Most familiar organisms respire using oxygen, a process in which the oxygen is 'reduced' by when it accepts an electron from a donor atom, typically carbon (electrons have a negative charge, so the charge on the oxygen atom goes down when it accepts an electron, hence it is reduced, even though it has gained something). Many Bacteria, however, respire using sulphur instead, a system of respiration that is thought to be older than oxygen respiration. Many enclosed ocean basins, such as the Black Sea, have a heavily stratified water column (i.e. little movement of water between upper and lower layers), with an oxygen rich upper layer, with abundant oxygen-respiring Bacteria, and a sulphur rich bottom layer, with many sulphur-respiring Bacteria. Between these layers is a middle layer lacking abundant sulphur or oxygen, but yet which appears to host a large Bacterial population, particularly immediately above the sulphur-rich layer, where something is actively fixing carbon from carbon dioxide at a high rate. Quite what the Bacteria in this layer might be respiring is unclear; the element manganese has been suggested as a possible electron acceptor which would be present in these waters, but to date no manganese-respiring Bacterium has ever been discovered.
In a paper published in the Proceedings of the National Academy of Sciences of the United States of America on 3 June 2019, Jan Henkel of Biological Oceanography at the Leibniz Institute for Baltic Sea Research Warnemünde, Olaf Dellwig of Marine Geology, also at the Leibniz Institute for Baltic Sea Research Warnemünde, Falk Pollehne, also of Biological Oceanography at the Leibniz Institute for Baltic Sea Research Warnemünde, Daniel Herlemann, again of Biological Oceanography at the Leibniz Institute for Baltic Sea Research Warnemünde, and of the Centre for Limnology at the Estonian University of Life Sciences, Thomas Leipe again of Marine Geology at the Leibniz Institute for Baltic Sea Research Warnemünde, and Heide Schulz-Vogt, once again of Biological Oceanography at the Leibniz Institute for Baltic Sea Research Warnemünde, describe a new species of Bacterium from the Black Sea, which is able to respire manganese.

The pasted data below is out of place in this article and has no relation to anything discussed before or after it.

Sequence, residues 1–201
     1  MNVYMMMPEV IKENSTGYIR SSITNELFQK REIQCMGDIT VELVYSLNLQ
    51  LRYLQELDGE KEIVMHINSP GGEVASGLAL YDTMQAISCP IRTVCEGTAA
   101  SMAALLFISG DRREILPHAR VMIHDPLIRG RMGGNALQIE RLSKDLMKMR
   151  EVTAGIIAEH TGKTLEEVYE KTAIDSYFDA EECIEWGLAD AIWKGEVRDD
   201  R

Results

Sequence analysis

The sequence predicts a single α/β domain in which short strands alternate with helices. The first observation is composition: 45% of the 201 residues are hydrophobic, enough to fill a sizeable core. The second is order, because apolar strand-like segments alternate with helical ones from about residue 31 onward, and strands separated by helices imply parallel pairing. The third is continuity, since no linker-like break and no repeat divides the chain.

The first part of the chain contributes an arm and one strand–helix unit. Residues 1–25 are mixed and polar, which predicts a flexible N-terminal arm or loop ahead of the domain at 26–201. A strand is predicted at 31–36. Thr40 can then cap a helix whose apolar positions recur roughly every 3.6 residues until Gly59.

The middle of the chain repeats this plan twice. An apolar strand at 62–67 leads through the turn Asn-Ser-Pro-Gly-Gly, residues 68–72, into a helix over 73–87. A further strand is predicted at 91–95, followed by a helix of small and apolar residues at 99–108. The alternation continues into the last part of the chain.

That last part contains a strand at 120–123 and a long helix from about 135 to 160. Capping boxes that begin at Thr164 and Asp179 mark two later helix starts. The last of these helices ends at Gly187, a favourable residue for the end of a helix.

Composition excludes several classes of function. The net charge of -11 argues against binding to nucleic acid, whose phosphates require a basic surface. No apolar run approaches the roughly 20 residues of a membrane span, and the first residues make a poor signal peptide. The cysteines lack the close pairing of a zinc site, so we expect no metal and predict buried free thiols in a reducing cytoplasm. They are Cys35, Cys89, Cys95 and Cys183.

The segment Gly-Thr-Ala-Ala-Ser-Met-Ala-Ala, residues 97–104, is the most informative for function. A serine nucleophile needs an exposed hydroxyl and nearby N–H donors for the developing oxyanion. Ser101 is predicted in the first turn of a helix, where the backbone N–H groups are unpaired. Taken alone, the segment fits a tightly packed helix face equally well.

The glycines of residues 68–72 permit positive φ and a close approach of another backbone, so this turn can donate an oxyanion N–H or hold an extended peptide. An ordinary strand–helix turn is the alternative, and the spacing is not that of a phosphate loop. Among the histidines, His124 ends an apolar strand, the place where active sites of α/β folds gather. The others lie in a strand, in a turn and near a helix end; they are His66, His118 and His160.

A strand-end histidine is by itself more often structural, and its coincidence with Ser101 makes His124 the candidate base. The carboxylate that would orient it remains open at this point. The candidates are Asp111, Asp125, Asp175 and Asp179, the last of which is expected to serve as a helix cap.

The Bacterium was collected in November 2013 during a voyage of the Research Vessel Maria S. Merian to the Black Sea, which sampled water from several layers within the suboxic zone. They found a high prevalence of Epsilonproteobacteria (a group which includes the pathogenic Helicobacter and Campylobacter, as well as marine bacteria responsible for the fixation of carbon from carbon dioxide below the photic zone) within a layer above the sulphur-rich layer, which contained hydrogen sulphide (i.e. reduced sulphur, which can act as an electron donor), but not a recipient), but no oxygen or nitrates (which are known to be respired with hydrogen sulphide by some bacteria). From this they were able to obtain an unknown species of Sulfurimonas, which appeared to be closely related to Sulfurimonas gotlandica, a species known to respire nitrates with hydrogen sulphide.
The new species is named Sulfurimonas marisnigri, where 'marisnigri' means 'Black Sea' in Latin. It was found to be able to respire manganese dioxide with hydrogen sulphide, making it the first known Bacterium to be able to gain energy using manganese as an electron acceptor, and also to be able to fix carbon dioxide from the water column, producing manganese calcium carbonate. The cells of Sulfurimonas marisnigri are slightly curved, and 1-4 μm in length.
Scanning electron microscopy image of the isolate Sulfurimonas marisnigri. Henkel et al. (2019).
Henkel et al. note that unknown species of the genus Sulfurimonas are abundant in the oceans, both in open pelagic waters (waters not near land) and around hydrothermal vents and in marine sediments, environments in which manganese respiration is thought to be occurring, producing large amounts of sulphates and manganese calcium carbonate.
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